Solidarity with Ukraine and the Russian anti-war movement

By Martin Wicks

“Russians, Ukrainians, and Belarusians are all descendants of Ancient Rus, which was the largest state in Europe. Slavic and other tribes across the vast territory – from Ladoga, Novgorod, and Pskov to Kiev and Chernigov – were bound together by one language (which we now refer to as Old Russian), economic ties, the rule of the princes of the Rurik dynasty, and – after the baptism of Rus – the Orthodox faith. The spiritual choice made by St. Vladimir, who was both Prince of Novgorod and Grand Prince of Kiev, still largely determines our affinity today.” – Putin, On the Historical Unity of Russians and Ukrainians

Legitimate contempt for the hypocrisy of the leaders of the ‘Western democracies’ or the current Labour leadership, should not allow socialists to ignore what is fundamental about the situation in Ukraine. An independent country has been invaded by Russian imperialism.

I am no supporter of NATO, but criticism of NATO and its eastward expansion, should not stop us from recognising that behind Putin’s propaganda, lies the reality of Great Russian chauvinism. There is no justification for the invasion whatsoever. The supposed purpose of the ‘special military operation’ – journalists and news sources in Russia are banned from using the words invasion or war on threat of imprisonment – of ‘denazification’ and rescuing people from genocide, is nothing more than propaganda. As we know there are Nazis in Ukraine but they are not in power. In 2019’s parliamentary elections the far right did not win a single seat.

While Putin says that the invasion is a response to the threat of NATO, he insists that Russia and Ukraine are ‘one people’, whatever the Ukrainians think about it. He believes that they have a ‘spiritual unity’ – Russian Orthodoxism – which goes back hundreds of years. He supports the reactionary Russian Orthodox church and its ‘defence of the family’ – read persecution of LGBT+ people). As the quote above indicates Putin believe that the “affinity” of Russian and Ukrainians today rests on the “spiritual choice” of the Orthodox faith 1,000 years ago!

Patriarch Kirill, the head of the church calls Putin’s rule “a miracle of God”. In contrast about 300 Orthodox priests have issued a statement calling for an end to the war and for Ukraine to determine its own future.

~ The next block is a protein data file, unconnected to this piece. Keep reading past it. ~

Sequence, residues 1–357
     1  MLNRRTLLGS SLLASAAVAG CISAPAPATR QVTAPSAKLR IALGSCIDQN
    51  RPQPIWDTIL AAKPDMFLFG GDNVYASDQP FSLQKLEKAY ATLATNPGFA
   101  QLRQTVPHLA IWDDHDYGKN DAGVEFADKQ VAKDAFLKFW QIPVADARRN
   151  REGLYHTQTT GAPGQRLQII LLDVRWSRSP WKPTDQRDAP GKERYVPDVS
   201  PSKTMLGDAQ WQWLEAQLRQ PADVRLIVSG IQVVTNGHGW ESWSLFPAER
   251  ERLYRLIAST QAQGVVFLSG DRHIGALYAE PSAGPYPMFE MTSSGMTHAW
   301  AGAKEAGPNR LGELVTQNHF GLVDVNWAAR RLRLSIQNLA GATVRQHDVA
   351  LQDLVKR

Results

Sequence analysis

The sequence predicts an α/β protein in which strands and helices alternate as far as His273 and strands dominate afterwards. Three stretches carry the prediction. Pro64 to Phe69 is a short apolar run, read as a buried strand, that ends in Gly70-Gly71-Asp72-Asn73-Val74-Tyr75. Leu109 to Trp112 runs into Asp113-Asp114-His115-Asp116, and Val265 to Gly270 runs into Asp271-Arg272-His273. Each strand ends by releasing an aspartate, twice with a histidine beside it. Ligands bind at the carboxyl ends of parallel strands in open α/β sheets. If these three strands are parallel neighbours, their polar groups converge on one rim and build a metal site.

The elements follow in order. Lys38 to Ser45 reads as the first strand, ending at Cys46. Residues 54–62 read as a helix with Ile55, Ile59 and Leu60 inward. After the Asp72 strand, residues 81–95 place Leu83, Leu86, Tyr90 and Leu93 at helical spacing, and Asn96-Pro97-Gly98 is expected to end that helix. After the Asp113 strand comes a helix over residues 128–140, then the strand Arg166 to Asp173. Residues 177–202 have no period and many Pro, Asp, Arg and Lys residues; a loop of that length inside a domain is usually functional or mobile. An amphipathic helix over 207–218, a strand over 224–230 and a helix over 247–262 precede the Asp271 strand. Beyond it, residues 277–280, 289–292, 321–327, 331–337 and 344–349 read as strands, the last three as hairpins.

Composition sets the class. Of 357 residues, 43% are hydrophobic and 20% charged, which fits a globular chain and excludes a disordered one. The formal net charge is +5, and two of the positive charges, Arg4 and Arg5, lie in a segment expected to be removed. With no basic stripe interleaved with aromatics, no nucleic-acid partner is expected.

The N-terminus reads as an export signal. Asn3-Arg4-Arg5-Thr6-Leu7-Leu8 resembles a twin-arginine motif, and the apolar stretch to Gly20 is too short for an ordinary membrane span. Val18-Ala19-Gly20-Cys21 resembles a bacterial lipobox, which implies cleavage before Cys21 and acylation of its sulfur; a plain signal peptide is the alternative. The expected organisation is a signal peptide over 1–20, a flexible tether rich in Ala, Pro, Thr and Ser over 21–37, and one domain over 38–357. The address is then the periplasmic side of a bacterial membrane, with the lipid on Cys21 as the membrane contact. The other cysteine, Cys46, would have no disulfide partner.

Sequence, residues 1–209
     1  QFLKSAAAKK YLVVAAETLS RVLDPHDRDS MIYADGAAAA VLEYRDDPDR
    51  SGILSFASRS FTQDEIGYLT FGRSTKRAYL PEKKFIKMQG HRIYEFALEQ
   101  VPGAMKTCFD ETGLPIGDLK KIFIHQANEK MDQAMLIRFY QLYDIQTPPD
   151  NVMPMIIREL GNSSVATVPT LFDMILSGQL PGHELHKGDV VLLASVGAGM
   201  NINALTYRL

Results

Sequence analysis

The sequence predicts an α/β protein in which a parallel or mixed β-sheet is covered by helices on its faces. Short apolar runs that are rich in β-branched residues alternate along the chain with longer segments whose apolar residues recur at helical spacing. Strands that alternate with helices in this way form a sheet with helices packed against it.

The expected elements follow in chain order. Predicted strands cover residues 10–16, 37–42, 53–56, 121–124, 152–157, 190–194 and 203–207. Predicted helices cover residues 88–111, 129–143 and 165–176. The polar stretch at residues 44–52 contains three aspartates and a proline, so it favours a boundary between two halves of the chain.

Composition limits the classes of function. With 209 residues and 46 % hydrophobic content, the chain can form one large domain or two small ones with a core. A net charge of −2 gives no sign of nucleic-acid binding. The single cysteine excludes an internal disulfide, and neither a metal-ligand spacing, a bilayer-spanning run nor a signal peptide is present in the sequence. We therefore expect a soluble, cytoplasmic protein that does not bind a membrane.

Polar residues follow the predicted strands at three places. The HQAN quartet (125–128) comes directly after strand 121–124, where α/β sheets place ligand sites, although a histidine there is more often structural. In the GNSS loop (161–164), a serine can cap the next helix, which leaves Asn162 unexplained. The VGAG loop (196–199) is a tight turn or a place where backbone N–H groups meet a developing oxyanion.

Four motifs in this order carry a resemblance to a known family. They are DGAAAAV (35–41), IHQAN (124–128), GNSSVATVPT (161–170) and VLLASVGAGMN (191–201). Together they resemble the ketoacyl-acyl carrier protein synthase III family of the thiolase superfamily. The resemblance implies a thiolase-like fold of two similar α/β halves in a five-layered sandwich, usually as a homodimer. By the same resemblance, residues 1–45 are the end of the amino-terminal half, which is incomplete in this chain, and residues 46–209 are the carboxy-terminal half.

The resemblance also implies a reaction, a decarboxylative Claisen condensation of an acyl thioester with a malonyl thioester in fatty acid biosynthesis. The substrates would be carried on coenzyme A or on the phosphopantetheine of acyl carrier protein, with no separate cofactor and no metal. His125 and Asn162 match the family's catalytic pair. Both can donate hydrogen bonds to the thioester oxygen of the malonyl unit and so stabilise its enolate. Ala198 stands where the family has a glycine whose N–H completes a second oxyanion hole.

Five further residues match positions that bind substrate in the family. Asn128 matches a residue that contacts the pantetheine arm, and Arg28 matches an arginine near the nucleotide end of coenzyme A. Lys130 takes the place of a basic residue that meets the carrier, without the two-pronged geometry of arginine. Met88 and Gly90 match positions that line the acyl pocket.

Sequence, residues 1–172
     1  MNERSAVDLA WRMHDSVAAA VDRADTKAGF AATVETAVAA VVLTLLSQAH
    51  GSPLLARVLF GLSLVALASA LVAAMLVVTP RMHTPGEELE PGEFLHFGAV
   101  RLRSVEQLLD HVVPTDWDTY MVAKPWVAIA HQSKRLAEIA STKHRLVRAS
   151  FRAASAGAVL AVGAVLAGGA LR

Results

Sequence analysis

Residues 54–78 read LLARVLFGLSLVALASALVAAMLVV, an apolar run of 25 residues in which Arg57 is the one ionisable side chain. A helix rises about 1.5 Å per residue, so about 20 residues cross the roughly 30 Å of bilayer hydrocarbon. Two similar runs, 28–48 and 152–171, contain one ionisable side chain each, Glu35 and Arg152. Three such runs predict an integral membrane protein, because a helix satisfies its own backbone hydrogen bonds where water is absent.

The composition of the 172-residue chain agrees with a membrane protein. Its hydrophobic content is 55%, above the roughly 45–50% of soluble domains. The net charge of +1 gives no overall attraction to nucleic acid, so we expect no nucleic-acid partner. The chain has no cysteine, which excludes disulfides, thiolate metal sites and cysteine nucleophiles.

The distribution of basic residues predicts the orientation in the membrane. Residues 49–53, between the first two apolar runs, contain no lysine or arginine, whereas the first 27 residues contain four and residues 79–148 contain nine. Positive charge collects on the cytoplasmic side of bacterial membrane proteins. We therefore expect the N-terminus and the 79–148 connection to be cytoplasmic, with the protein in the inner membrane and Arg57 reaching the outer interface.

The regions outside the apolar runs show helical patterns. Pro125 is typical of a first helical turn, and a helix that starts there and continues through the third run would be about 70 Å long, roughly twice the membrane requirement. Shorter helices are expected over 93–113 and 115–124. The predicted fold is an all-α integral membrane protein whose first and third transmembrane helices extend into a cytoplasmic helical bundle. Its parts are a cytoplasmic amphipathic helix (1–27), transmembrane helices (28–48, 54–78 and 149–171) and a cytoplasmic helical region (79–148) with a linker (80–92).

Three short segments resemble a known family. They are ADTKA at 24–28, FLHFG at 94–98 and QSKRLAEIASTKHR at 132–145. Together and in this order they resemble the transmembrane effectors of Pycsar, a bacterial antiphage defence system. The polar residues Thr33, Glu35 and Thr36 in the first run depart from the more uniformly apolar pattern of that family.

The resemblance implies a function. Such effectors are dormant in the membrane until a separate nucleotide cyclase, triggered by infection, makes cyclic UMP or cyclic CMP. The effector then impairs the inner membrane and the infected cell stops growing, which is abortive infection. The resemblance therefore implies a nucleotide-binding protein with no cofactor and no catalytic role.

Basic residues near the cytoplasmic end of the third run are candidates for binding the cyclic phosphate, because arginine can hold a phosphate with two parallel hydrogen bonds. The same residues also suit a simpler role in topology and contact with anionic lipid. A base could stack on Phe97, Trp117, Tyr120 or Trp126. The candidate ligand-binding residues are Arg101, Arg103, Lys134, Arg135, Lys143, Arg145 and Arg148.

In his astonishing essay last July, Putin blamed the Bolsheviks for smuggling into the constitution of the USSR the right of Republics to secede. This, he said, was the “time bomb” which would explode and break up Mother Russia. Also in his essay he said:

“I am confident that true sovereignty of Ukraine is possible only in partnership with Russia… Together we have always been and will be many times stronger and more successful. For we are one people.”

So Ukraine can have its sovereignty only in “partnership” with Russia. Putin, the odious Russian nationalist is now prepared to destroy Ukraine in order to achieve ‘unity’ with a country which he has determined to be part of Russia. It is a strange ‘sovereignty’ in which the Ukrainians are denied the right to choose. Remember that in the 1991 referendum every region of Ukraine voted for independence. The lowest votes were Crimea with a 54% vote and Sevastopol with 57%. Even the later contested regions of Luhansk and Donetsk voted more than 80% in favour of independence.

As I write this, Putin’s army is bombing civilian targets and seeking to starve the Ukrainian people into submission. He is prepared to turn Ukrainian towns into a mirror image of Aleppo. While there is no way that Putin can maintain an occupation of a country the size of Ukraine, with a hostile population, he can decimate it physically and economically, creating a humanitarian catastrophe. No amount of death and destruction, it seems, can shake him from his opposition to the right of Ukraine to self-determination. Indeed yesterday he announced that if the Ukrainians continued to act in the way they were, that is to defend their country, then there could be a question mark over their statehood. This is Putin the Bonaparte’s bellicose threat.